Ten Female Philosophers Who Should Be Studied More

by Max Andrews

Tullia d’Aragona

Hypatia of Alexandria, Hildegard von Bingen, Simone de Beauvoir, and Ayn Rand all enjoy comparative rock star status when it comes to women in the traditionally male-dominated philosophy sphere. But they definitely aren’t the only names when it comes to eking out a place for ladyfolk amongst practitioners. While the following female philosophers boast varying levels of popularity in the classroom, they still offer some amazing ideologies to contemplate, either for class or during personal inquiry. Use them as a starter kit to exploring even more women philosophers who deserve recognition.

  1. Themistoclea:

    One of Delphi’s priestesses earned historical cred as the alleged mentor of no less than Pythagoras himself! The Suda even claims she may have been his sister as well, though no evidence exists either supporting or disproving the statement. Little is known about Themistoclea, though the first mention as the seminal mathematician and philosopher’s educator comes from Diogenes Laertius’ Lives and Opinions of Eminent Philosophers. He talks of her as the one responsible for inspiring Pythagoras’ “moral doctrines,” though he doesn’t comment further on the priestess’ life. In this instance, students would peer more into Themistoclea’s overarching influence through time rather than the woman herself.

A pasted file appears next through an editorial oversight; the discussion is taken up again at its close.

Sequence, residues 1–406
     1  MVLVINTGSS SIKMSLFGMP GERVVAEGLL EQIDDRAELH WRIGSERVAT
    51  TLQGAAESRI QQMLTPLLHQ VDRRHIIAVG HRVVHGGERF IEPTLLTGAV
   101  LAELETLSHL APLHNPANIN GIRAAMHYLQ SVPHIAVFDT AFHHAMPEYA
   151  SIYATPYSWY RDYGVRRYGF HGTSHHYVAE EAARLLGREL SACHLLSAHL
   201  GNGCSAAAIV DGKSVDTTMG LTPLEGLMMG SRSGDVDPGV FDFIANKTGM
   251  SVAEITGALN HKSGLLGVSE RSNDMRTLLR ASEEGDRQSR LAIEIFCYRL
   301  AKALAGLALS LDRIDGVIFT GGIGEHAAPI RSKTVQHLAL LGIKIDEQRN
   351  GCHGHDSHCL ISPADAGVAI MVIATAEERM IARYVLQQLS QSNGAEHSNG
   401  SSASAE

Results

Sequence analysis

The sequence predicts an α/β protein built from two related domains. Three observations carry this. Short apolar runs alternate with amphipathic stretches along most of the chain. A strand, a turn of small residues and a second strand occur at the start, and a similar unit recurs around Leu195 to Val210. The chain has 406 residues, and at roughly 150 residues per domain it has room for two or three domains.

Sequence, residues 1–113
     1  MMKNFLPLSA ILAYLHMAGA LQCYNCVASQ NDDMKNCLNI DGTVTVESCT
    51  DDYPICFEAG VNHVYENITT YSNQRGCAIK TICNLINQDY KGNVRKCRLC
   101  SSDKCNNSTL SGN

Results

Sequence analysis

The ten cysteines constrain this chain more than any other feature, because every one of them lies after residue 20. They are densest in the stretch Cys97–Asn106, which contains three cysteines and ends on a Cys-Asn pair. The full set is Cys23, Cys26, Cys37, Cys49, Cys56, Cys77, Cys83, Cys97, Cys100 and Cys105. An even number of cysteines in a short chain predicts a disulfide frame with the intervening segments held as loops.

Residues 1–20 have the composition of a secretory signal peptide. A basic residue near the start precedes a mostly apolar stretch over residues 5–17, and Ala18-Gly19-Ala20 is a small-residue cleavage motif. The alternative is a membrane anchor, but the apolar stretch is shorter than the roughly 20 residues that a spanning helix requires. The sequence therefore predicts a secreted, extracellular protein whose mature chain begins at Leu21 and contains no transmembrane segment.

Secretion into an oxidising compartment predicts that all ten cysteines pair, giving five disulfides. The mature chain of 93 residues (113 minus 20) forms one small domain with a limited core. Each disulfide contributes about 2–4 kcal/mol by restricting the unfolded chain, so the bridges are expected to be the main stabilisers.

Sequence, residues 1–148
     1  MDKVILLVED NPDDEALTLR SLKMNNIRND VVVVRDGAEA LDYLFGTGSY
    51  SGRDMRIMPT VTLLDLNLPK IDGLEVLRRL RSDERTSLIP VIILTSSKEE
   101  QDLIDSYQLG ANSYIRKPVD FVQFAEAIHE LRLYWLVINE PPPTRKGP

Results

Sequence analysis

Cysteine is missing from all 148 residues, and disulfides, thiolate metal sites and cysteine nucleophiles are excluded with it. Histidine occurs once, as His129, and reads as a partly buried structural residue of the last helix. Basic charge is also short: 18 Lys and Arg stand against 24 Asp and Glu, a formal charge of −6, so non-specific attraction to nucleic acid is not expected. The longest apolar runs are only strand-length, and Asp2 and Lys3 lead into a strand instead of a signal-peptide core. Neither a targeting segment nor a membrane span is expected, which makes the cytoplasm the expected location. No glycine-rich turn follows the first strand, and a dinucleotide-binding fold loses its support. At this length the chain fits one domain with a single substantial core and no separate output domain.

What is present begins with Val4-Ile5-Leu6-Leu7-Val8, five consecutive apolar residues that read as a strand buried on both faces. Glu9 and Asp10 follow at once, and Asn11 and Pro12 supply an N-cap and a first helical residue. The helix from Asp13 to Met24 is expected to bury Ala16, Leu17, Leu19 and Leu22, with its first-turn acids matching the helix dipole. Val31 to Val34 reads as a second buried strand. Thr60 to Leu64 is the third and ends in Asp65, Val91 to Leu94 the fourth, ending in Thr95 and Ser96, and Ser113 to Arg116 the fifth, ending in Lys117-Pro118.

2. Arete of Cyrene:

    Historians and philosophers debate over whether Arete of Cyrene’s father or son established the Cyrenaic school, though it’s entirely possible she herself may have done so and cultural mores pushed for a more patriarchal tale. This philosophy espoused hedonistic pleasures and the pursuit of the positive and avoidance of the negative. Legend has it the influential Arete of Cyrene spent 35 years as an educator and wrote more than 40 books, focusing largely on morals and earning the acclaim of her contemporaries.

  3. Ban Zhao:

    Ban Zhao is commonly accepted as China’s first female historian, and philosophy ranked as one of her many mastered pursuits. In these post-feminist times, some of the teachings in her Lessons for Women doesn’t much resonate across most demographics. But for its time, the postulating about the wonders of female submissiveness and loyalty — even if husbands elect to stray with mistresses — suited and influenced the surrounding culture. However, she also celebrated progressive principles such as educating all women with equal vigor as men. In addition to working as a philosopher, Ban Zhao taught royalty and served as a court librarian.

  4. Tullia d’Aragona:

    As a courtesan, Tullia d’Aragona enjoyed more intellectual and creative freedom than her peers outside the profession. Her childhood involved an education with Cardinal Luigi d’Aragona, and she later grew into one of Italy’s most cherished Renaissance poets. When it comes to philosophy, On the Infinity of Love applied Neo-Platonist sensibilities to romance and female sexual empowerment. Which makes perfect sense, considering the era’s fascination with the movement! The book comes styled as a dialogue between Benedetto Varchi, Lattanzio Benucci, and the author herself.

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